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Eden Monaro candidates support renaming Kosciuszko

Ian Campbell 9 May 2019
Sunset from Mt Kosciuszko. Photo: Mike Edmondson, Reclaim Kosci.

Sunset from Mt Kosciuszko/Kunama Namadji. Photo: Mike Edmondson, Reclaim Kosci.

In an election campaign dominated by talk of tax cuts and changes, the voice of the region’s first people has cut through at the About Regional-Jindabyne Chamber of Commerce Meet the Candidates Forum.

Speaking on behalf of the Ngarigo people of the Snowy Monaro, elder Michelle Francis asked the candidates standing for Eden Monaro if they would support the renaming or dual naming for Australia’s highest peak – Mount Kosciuszko.

Polish explorer Paweł Edmund Strzelecki named the 2,228-metre mound in 1840, in honour of Polish freedom fighter, General Tadeusz Kościuszko.

Ms Francis believes the time has come to revisit the name, pointing to the acceptance of Ayers Rock in Central Australia being renamed Uluru.

“The Aboriginal name is Kunama Namadji (Pron: Koo-nar-ma Nam-a-ji), Kumama is the Ngarigo word for snow and Namadji means mountain range,” Ms Francis says.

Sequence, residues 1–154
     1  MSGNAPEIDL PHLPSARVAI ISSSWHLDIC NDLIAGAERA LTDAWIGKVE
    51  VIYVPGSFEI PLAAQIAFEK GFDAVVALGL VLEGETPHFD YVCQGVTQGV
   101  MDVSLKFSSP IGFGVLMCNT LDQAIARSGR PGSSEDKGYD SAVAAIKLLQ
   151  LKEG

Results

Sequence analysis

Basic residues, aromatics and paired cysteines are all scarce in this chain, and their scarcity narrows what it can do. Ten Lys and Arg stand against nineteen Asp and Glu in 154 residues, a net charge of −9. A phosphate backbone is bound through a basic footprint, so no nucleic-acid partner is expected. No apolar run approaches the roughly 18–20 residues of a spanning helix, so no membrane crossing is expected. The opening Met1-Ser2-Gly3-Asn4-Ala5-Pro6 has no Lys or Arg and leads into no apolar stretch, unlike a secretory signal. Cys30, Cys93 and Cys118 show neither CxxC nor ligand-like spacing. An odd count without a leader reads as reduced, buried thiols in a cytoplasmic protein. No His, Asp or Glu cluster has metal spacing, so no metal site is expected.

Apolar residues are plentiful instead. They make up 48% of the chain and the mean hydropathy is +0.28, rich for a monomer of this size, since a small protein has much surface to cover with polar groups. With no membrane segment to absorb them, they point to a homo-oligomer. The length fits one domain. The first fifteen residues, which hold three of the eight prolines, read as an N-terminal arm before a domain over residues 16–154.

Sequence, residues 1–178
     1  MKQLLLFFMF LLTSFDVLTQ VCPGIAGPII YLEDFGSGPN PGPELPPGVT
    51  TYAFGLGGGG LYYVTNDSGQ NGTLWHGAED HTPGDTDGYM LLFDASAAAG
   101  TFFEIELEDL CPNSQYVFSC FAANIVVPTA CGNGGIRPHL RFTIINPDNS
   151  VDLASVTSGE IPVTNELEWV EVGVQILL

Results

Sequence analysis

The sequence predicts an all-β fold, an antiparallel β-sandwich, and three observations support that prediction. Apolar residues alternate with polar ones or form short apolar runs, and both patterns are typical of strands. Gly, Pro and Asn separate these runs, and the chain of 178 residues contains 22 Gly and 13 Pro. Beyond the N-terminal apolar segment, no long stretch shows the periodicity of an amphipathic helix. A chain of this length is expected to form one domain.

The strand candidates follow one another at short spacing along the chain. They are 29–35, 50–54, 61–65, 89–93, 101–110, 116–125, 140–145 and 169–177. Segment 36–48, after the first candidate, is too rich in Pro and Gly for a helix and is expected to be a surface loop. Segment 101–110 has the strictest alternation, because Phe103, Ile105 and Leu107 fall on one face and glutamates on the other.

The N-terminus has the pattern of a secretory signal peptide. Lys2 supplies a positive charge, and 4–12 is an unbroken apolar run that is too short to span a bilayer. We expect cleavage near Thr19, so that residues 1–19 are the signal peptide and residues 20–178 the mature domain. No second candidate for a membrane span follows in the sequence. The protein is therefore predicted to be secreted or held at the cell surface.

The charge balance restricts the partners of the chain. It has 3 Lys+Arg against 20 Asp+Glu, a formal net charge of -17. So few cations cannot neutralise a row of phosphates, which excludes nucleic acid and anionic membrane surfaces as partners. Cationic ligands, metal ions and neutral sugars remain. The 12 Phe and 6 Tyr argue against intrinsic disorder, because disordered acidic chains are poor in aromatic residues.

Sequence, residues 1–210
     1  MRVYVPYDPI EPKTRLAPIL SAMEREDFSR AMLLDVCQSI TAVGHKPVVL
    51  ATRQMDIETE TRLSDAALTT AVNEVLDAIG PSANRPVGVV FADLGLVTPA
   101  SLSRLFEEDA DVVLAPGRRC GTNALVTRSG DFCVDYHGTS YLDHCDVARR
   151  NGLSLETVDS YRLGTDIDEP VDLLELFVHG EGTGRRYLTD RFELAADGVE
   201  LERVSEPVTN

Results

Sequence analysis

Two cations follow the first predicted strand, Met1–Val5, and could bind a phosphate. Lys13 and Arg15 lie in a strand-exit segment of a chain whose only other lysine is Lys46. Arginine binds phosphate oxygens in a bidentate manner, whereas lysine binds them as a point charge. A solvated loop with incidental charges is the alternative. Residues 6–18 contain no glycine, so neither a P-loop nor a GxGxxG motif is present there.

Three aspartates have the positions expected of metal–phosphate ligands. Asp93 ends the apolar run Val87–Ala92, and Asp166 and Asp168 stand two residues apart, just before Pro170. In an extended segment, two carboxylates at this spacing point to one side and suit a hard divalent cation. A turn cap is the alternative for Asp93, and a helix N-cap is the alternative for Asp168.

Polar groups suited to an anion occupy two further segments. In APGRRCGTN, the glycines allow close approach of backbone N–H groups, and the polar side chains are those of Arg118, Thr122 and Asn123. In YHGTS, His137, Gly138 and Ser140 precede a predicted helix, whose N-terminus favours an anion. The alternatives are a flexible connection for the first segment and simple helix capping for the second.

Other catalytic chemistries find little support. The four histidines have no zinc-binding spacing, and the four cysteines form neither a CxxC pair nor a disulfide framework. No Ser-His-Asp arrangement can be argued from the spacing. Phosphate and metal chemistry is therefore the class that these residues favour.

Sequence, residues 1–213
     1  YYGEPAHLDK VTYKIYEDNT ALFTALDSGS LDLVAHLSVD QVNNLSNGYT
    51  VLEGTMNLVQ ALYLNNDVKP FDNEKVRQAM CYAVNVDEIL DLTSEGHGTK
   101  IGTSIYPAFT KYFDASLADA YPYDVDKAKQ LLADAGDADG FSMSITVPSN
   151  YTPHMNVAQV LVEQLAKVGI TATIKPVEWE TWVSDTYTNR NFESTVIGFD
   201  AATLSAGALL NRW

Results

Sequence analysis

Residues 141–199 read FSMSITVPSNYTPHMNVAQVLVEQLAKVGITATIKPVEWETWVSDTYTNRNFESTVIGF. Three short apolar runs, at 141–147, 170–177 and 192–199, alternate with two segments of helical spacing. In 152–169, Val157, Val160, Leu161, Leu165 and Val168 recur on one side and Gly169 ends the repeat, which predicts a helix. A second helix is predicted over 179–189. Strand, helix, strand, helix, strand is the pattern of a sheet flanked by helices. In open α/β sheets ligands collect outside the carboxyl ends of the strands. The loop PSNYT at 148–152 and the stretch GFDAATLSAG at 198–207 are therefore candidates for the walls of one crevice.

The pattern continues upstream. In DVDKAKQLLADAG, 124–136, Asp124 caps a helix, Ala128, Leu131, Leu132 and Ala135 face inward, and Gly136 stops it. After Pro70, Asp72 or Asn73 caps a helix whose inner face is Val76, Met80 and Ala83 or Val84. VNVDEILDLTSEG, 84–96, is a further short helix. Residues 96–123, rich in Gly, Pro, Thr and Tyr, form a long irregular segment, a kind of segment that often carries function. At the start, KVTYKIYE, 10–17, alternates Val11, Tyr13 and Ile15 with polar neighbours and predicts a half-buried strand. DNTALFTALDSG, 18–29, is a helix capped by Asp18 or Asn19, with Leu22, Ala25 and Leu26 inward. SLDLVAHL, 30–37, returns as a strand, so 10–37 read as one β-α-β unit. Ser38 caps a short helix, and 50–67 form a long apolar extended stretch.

“Its a place known to all mobs as a meeting place, they came, they met, and they traded.

“It is so rich in resources – flint and rock from Kunama Namadji has been found all the way to Queensland.”

Ms Francis hopes the proposed name change will help with the ongoing discussion about reconciliation with Australia’s first people and believes it’s part of generational change.

“We are moving through time and it starts from the top,” she says suggesting an element of symbolism.

“This is the highest peak in Australia, and this [reconciliation] will work its way down.”

Accepting that some might be resistant to the name change idea, Ms Francis suggests those people engage in the conversation.

“When people feel uncomfortable they perhaps don’t understand the full story,” she says.

“So let’s step back and share our history and knowledge – it’s time to open this up, connect and come together.”

Snowy Valley’s Council has taken the lead on the proposal so far and has commissioned a report with recommendations to guide the next steps.

Ngarigo elder, Michelle Francis. Photo: Ian Campbell.

Ngarigo elder, Michelle Francis. Photo: Ian Campbell.

All the Eden Monaro candidates quizzed by Ms Francis at the Jindabyne forum seemed supportive.

“I live in a place called Dignams Creek which is at the base of what was Mount Dromedary and now has the name Gulaga – the old Aboriginal name for the mountain,” Liberal, Fiona Kotvojs said.

“I believe both names for places can work well – I am quite comfortable working for it if that’s what people want.”

Labor’s Mike Kelly said, “This is part of that education process that we have to engage in for the broader community.”

“I think we have to make sure that our landscape reflects the indigenous culture that we have here – it’s important to me and makes us special in the context of global cultures.”

Pat McGinlay from The Greens also spoke in support.

“So long as that is the will and determination of the local Aboriginal people and they are driving it,” he said.